Can Malaysia’s future leaders rise above the noise and get the messaging right for the rakyat?

IT’S 2023 and Malaysians are still dealing with strange issues that is more confusing than ever.

Perhaps we need to forget about old politicians who seem set in their cantankerous ways and instead look for future leaders.

The recent Parliamentary debate on the mid-term review of the 12th Malaysia Plan (12MP) was most embarrassing as we had to witness the lack of decorum and personal attacks by senior MPs, both the provoked and the instigator.

The unbecoming behaviour of Malaysian lawmakers was televised live and via social media, much to the dismay of the ordinary citizens who are already suffering from socio-economic stress brought about by the rising cost of living. We are not amused!

However, amid the noise came voices of two young MPs that caught my attention. One was the earnest MUDA MP for Muar Syed Saddiq Syed Abdul Rahman (main pic. left) and the other is the DAP MP for Ipoh Timor Howard Lee Chuan How (main pic, right).

A matter of principle

It has to be said that Syed Saddiq’s insistence to interject on the discharge not amounting to an acquittal (DNAA) of Deputy Prime Minister Datuk Seri Ahmad Zahid Hamidi by the Attorney-General (AG) was commendable. To which Prime Minister Anwar Ibrahim (PMX) denied involvement.

MUDA president Syed Saddiq Syed Abdul Rahman

Syed Saddiq later said Anwar has set a “clear precedent” when it comes to the dismissal of corruption cases in court. “If he can, so can future PMs. Time will tell,” he posted on his X account (formerly Twitter).

Since Syed Saddiq’s debut as the youngest minister in Malaysian history – appointed by then PM Tun Dr Mahathir Mohamad when Pakatan Harapan (PH) toppled the 60-year rule of Barisan Nasional (BN) – he has been more teen idol than minister.

But this time around, he is serious and his debating prowess is coming to the fore with people listening.

A media savvy politician, he is tapping the social media platforms to convey his political messaging and he is intense. In a recent interview with YouTube’s Mr Money TV channel – when asked about why he left government – he explained at length that he was concerned about the message being sent to young politicians.

“You are saying to young politicians that you effectively have a get-out-of-jail card as long as you wield political power and bargain with your political masters, you’re good?” quipped the Muar MP.

“My fear is that they are normalising corruption for good, not just in this government but in future government. Future generations will be taught that as long as I hold power I can steal as much as I want.”

When talking about the “green wave” phenomenon sweeping the polls, Syed Saddiq grimly said, “You know what feeds into this green wave? It’s because Malays are pissed off (with Zahid’s DNAA)!” And the ultimate price to be paid is concern that the nation would be deeply polarised.

Political intent

Another politician who made an impact in the same Parliamentary debate was DAP’s MP for Ipoh Timur Howard Lee Chuan How who – speaking in a Perak dialect – touched on the prickly topic of penunggang agama (using religion to control).

Howard Lee (second from left) at a recent media conference to clear the air over his citation of a Quranic verse in a TikTok post

However, Lee would cause a more heated debate because of a video posted on social media on July 11 when he quoted part of the Quranic verse (Surah An Nisaa 59) while discussing PAS leader Tan Sri Hadi Awang that touched on obedience to the ulil amri (leader).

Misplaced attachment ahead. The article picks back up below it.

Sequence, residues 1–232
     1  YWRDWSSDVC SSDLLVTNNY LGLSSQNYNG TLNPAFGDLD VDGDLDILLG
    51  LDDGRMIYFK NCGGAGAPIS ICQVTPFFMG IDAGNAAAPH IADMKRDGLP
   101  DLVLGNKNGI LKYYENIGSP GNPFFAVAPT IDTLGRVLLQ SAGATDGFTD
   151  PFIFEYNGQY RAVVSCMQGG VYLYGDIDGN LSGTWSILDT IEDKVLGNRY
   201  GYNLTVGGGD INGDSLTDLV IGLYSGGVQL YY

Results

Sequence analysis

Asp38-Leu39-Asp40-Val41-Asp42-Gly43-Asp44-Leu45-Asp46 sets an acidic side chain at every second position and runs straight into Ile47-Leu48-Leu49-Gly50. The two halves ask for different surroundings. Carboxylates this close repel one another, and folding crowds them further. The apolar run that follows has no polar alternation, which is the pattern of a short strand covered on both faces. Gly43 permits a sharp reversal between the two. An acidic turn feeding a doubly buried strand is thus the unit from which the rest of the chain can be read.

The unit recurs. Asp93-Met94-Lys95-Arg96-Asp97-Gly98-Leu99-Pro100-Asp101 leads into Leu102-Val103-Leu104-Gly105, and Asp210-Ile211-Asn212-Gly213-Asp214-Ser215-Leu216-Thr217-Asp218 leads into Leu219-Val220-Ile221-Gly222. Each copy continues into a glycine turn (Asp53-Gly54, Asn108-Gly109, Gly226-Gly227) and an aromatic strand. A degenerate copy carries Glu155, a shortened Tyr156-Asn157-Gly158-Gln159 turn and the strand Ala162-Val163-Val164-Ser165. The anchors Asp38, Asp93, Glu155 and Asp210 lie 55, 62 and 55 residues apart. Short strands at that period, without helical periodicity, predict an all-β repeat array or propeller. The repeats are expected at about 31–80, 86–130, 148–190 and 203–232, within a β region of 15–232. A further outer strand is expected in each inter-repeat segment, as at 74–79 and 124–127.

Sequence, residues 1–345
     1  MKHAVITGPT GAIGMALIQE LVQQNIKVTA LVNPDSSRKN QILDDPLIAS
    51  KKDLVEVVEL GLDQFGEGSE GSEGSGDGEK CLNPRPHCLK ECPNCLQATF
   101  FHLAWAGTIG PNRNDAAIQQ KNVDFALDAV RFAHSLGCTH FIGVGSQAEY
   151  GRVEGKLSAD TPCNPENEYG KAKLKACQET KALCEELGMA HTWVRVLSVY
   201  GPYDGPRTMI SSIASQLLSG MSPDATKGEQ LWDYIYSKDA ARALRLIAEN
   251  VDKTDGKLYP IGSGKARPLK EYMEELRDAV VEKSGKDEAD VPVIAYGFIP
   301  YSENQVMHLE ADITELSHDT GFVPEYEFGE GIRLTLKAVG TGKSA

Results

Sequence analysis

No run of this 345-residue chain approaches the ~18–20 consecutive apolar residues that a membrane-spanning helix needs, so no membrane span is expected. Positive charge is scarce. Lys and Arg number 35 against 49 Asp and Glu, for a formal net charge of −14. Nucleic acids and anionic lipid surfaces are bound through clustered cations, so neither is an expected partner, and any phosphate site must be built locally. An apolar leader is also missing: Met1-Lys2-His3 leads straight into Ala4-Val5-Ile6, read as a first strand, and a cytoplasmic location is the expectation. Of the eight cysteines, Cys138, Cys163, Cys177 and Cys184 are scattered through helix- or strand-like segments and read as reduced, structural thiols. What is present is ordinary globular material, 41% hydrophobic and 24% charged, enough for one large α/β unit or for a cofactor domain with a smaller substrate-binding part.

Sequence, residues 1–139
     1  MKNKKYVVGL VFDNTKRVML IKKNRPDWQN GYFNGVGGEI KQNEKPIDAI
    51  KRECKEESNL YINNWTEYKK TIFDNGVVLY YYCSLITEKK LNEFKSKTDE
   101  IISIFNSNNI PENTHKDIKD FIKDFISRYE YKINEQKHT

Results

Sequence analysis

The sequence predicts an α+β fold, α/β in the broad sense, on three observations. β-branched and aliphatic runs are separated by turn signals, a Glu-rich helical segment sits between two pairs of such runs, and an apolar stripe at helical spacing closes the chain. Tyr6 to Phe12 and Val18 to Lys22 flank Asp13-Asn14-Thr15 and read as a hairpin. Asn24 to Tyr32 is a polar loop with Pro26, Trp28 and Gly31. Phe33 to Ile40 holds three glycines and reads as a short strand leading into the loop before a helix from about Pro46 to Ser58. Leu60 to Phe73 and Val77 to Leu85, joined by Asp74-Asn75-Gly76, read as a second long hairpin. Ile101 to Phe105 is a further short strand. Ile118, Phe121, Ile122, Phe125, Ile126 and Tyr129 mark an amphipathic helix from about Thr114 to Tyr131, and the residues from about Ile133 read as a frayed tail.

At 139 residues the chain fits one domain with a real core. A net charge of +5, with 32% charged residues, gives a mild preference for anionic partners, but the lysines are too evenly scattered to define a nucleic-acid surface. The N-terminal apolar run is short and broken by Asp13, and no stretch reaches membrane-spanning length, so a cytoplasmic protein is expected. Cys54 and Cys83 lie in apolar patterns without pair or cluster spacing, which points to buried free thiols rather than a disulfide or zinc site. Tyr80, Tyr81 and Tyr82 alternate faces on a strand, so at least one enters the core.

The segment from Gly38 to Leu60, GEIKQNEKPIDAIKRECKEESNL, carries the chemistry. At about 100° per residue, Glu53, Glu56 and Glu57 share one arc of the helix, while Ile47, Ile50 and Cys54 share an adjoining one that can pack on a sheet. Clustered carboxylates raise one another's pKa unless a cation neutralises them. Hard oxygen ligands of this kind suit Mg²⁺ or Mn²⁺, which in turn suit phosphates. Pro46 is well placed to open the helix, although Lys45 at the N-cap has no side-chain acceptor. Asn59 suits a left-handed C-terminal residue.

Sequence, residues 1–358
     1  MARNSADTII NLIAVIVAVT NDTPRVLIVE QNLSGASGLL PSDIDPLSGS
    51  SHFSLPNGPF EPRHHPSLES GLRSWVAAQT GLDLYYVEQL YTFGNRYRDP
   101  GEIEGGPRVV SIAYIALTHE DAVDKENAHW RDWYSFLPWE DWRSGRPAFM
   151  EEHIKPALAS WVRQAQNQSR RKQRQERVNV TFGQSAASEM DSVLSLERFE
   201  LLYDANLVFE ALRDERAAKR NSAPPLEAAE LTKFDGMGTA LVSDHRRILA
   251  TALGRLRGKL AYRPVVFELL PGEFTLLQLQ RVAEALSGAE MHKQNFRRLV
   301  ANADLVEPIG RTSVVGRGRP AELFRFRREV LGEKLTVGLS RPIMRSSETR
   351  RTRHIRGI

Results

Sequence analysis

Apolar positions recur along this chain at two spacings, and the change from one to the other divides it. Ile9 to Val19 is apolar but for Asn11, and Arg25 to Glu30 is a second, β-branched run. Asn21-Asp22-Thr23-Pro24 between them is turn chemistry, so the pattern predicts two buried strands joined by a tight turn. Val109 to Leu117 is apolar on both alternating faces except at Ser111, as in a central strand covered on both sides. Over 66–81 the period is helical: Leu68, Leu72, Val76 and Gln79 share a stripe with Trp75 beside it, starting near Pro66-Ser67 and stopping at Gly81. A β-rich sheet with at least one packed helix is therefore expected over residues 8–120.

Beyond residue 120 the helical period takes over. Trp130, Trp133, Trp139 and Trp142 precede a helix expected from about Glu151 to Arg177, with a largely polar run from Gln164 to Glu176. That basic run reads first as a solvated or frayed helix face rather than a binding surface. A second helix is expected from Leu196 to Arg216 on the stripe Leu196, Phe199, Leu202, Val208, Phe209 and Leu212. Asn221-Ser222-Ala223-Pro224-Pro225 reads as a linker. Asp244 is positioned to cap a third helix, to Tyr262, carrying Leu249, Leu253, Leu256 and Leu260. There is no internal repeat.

It is puzzling why a police report against Lee by the Jalinan Bersatu Sahabat (Jabat), a local Perak NGO in Manjoi was made only after the televised debate in Parliament. (Lee didn’t mention names and specific verses in Parliament but was more specific in the video.)

Suffice it to say that the issue created a firestorm of controversy in both mainstream and social media – both for and against – while Lee was in New York to attend the 78th United Nations General Assembly with PMX’s entourage.

Upon his return and after giving his statement to the police, Lee held a media conference to issue an apology as suggested by UMNO secretary-general Datuk Dr Asyraf Wajdi Dasuki, but disagreed that he “interpreted” but rather said he only memetik (quoted) the Quranic verse.

A non-apology

Confusingly, an unbowed Lee apparently apologised on behalf of everybody who ever quoted the Quran saying that DAP vice-chairman Nga Kor Ming had done the same in 2009 when PAS – under the late Tan Sri Nik Aziz Nik Mat – was part of then Pakatan Rakyat (PR).

In fact, Nik Aziz even wrote a letter that praised Nga for wanting to learn more about Islam by reading the Quran that was posted by Anwar Ibrahim on his Facebook on April 10, 2009.

It is understandable why Lee is perplexed. As a non-Muslim himself, it seems obvious that he sees the Quran as a book from which he can cherry pick quotes for political expediency. Studying the Quran is not prohibited.

However, the Quran to a faithful Muslim is a revelation from God. The sanctity of Arabic as the language of the Quran is to be protected. There are strict rules on who is qualified to interpret.

Perhaps Lee should learn that humility is a virtue and a reflection of high moral standards. When an apology is used as an opportunity to dig into political opponents, it reflects badly on himself.

For a Muslim it is all about the intention. Is Lee using the Quran for political mileage? Is it that Lee’s more liberal approach has offended the deeply conservative segments of Muslim society who are not politically inclined?

Has he misread the mood of Malaysians in 2023 compared to 2009? Does everything have to be about politics? If only Lee could get his messaging right, he could indeed be a future leader to watch. – Sept 29, 2023

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